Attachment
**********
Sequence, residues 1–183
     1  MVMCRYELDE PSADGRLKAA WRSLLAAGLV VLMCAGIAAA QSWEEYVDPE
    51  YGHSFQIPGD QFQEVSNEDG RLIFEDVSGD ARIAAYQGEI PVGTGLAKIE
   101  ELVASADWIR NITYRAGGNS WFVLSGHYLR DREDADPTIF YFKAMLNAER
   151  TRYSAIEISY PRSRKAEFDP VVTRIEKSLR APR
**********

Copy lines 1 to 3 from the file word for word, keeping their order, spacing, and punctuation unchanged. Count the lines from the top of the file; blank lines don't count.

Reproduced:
Sequence, residues 1–183
     1  MVMCRYELDE PSADGRLKAA WRSLLAAGLV VLMCAGIAAA QSWEEYVDPE
    51  YGHSFQIPGD QFQEVSNEDG RLIFEDVSGD ARIAAYQGEI PVGTGLAKIE